Extending the lesson:
TED-Ed lessons include a small selection of multiple choice and short answer questions. You can use the TED-Ed platform and questions as they are written or you could use another platform to develop your own flipped lesson. The following three tools make it easy to develop your own flipped lesson or simply have students record and share notes with you while watching the video lesson.

Using VideoANT anyone can add annotations to any publicly accessible YouTube video. To do this copy the URL of a video and paste it into the VideoANT annotation tool. Then as the video plays click the "add annotation" button when you want to add an annotation. To have others annotate the video with you, send them the VideoANT link. You are the only person that has to have a VideoANT account. Your collaborators do not need to have a VideoANT account to participate in the annotation process with you. Nathan Hall wrote a complete run-down of all of the features of VideoANT. He also posted a how-to video. I recommend reading his post and watching his video here.

Vialogues is a free service that allows you to build online discussions around videos hosted online and videos that you have saved on your computer. Registered users can upload videos to Vialogues or use YouTube videos as the centerpieces of their conversations. In the video embedded below I provide a short overview of how Vialogues works.



MoocNote is a free tool for adding timestamped comments, questions, and links to videos. To do this on MoocNote you simply paste a link to a YouTube video into the MoocNote editor. Once the video is imported you can start to add your comments, questions, and links. The link features is particularly useful for providing students with additional resources for learning about the topics covered in your shared videos. MoocNote allows you to organize playlists (MoocNote calls them courses) of videos according to topics that you identify. MoocNote could be a good tool for high school teachers who want to organize playlists of videos for their students and add some clarifying information to those videos. You could also have students use MoocNote to annotate videos to demonstrate an understanding of the topic at hand.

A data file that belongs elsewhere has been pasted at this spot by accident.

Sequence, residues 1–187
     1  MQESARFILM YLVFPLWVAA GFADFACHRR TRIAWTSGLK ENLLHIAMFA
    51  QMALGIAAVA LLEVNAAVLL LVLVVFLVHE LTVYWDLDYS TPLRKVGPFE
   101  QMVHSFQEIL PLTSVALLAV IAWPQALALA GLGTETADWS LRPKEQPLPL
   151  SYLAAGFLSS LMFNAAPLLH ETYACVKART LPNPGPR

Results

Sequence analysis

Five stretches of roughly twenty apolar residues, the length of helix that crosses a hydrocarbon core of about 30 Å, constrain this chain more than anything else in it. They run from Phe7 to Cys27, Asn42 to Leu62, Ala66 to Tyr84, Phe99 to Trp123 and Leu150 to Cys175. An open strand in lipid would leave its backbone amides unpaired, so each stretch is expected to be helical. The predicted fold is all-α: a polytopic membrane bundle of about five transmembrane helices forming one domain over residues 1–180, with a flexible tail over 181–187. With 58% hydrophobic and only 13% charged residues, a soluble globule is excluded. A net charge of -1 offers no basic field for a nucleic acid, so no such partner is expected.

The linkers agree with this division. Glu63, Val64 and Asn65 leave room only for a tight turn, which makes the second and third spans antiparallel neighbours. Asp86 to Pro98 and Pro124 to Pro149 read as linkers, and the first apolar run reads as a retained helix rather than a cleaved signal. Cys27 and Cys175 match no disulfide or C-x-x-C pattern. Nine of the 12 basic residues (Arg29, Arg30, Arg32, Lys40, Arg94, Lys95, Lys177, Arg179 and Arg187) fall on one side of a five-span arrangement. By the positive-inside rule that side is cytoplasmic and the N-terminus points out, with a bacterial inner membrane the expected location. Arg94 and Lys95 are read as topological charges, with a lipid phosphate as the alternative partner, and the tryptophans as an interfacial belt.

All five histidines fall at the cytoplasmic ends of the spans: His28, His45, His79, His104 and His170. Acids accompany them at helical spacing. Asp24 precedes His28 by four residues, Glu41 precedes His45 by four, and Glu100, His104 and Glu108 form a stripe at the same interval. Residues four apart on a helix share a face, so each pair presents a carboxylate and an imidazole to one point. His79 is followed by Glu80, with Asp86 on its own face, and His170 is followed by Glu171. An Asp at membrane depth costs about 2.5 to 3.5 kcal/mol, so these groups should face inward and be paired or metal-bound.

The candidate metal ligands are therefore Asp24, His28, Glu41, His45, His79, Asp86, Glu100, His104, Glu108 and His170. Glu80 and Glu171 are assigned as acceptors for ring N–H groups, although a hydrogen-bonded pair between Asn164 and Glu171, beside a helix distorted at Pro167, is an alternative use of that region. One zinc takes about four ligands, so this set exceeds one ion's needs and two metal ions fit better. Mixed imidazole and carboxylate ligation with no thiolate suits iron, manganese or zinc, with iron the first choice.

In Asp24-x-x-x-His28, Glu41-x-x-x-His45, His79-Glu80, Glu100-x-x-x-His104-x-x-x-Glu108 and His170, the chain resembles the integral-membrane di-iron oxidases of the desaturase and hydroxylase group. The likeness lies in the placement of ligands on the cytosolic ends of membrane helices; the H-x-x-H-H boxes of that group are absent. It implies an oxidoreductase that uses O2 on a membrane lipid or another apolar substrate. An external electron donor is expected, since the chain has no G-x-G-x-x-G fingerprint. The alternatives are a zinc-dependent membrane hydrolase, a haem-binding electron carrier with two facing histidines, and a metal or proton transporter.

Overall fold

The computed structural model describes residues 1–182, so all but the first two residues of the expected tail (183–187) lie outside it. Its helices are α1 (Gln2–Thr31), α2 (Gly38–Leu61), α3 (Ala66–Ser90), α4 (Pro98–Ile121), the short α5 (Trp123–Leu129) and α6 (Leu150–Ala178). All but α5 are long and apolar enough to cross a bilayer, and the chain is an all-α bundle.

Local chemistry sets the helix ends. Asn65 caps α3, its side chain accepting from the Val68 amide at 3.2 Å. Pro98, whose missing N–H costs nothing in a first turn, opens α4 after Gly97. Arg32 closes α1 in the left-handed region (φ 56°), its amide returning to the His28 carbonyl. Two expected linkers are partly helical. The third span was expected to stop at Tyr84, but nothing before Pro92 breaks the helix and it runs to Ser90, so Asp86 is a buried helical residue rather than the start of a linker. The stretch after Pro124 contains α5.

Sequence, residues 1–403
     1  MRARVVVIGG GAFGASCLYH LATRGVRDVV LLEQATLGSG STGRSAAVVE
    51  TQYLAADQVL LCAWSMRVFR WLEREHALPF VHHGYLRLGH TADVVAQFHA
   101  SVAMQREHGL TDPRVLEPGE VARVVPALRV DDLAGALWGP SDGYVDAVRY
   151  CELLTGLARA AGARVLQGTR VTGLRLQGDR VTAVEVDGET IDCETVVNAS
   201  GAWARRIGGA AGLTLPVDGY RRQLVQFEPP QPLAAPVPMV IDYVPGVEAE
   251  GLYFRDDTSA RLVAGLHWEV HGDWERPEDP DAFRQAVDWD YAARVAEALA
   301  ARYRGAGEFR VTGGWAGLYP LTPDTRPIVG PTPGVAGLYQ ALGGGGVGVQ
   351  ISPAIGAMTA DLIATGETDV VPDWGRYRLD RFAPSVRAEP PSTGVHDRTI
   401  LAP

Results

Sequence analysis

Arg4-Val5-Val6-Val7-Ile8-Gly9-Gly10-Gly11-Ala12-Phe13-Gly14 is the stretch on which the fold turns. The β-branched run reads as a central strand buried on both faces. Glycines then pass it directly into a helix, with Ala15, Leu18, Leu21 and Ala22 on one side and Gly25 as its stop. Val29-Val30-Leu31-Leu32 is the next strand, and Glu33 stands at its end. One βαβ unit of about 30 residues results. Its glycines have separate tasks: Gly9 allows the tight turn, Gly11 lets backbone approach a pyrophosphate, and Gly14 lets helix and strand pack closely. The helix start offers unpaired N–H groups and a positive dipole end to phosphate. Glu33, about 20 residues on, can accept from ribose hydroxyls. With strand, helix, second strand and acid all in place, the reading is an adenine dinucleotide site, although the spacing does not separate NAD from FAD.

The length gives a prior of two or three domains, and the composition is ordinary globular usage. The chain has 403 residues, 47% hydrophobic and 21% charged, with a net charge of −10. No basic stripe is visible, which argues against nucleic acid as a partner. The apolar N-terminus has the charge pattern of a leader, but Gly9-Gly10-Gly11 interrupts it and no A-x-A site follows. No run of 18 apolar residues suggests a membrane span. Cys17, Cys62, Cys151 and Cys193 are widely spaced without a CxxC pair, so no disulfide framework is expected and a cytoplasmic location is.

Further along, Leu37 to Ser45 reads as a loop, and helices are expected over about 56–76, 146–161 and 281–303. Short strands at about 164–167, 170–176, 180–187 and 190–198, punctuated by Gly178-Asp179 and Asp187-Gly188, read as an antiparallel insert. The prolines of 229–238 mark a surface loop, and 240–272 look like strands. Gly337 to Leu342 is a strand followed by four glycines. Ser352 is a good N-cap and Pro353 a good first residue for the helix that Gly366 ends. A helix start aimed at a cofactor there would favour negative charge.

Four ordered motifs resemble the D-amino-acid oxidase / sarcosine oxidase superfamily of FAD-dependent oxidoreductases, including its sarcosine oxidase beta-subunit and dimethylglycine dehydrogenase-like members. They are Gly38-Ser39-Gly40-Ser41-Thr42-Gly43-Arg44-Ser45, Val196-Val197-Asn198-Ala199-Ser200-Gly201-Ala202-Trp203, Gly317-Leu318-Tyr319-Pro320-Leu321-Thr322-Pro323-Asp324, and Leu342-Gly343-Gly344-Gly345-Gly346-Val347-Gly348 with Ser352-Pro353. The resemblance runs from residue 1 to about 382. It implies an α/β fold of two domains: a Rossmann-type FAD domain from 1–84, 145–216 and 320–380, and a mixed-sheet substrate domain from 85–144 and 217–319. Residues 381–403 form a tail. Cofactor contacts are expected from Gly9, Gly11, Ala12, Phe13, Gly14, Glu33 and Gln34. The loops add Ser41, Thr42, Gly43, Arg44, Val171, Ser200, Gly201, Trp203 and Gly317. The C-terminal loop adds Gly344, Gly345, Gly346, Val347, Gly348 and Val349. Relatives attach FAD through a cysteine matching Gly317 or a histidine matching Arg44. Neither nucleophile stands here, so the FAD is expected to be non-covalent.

A Good Lesson on Hurricanes

The Atlantic hurricane season season is here and It's Okay To Be Smart (produced by PBS) has a new video lesson about hurricanes. By watching Hurricanes: Engines of Destruction you can learn how the Coriolis effect influences the direction in which hurricanes rotate, the role of heat in hurricane formation, and the origin of the word hurricane. The video is embedded below, but you should also take a look at the video on YouTube to access the reference materials used in the creation of the video.


Try one of the following tools to build a flipped lesson around this video.

Vizia is a free tool for creating video-based quizzes. On Vizia you an import a video from YouTube or from Wistia and then add questions along the timeline of the video. You can ask multiple choice questions as well as short answer/ open-response questions. Adding a poll question into the video is also a possibility in Vizia. All of the responses to your questions are collected in a spreadsheet that you can download and or open in Google Sheets. When you create a Vizia video quiz you have the option to require that viewers enter their names and email addresses before they begin. Alternatively, you could make the first question in the video a prompt to enter a name.

VideoNotes is a neat tool for taking notes while watching videos. VideoNotes allows you to load any YouTube video on the left side of your screen and on the right side of the screen VideoNotes gives you a notepad to type on. VideoNotes integrates with your Google Drive account. By integrating with Google Drive VideoNotes allows you to share your notes and collaborate on your notes just as you can do with a Google Document. You can use VideoNotes to have students submit questions to you and each other while watching videos. Of course, you can insert questions into the conversation for your students to answer too.

EDPuzzle is a neat tool that allows you to add your voice and text questions to educational videos. On EDpuzzle you can search for educational videos and or upload your own videos to use as the basis of your lesson. EDpuzzle has an online classroom component that you can use to assign videos to students and track their progress through your video lessons. Within EDPuzzle's editor you can select portions of videos for students to watch. EDPuzzle offers the option to share your videos to Google Classroom.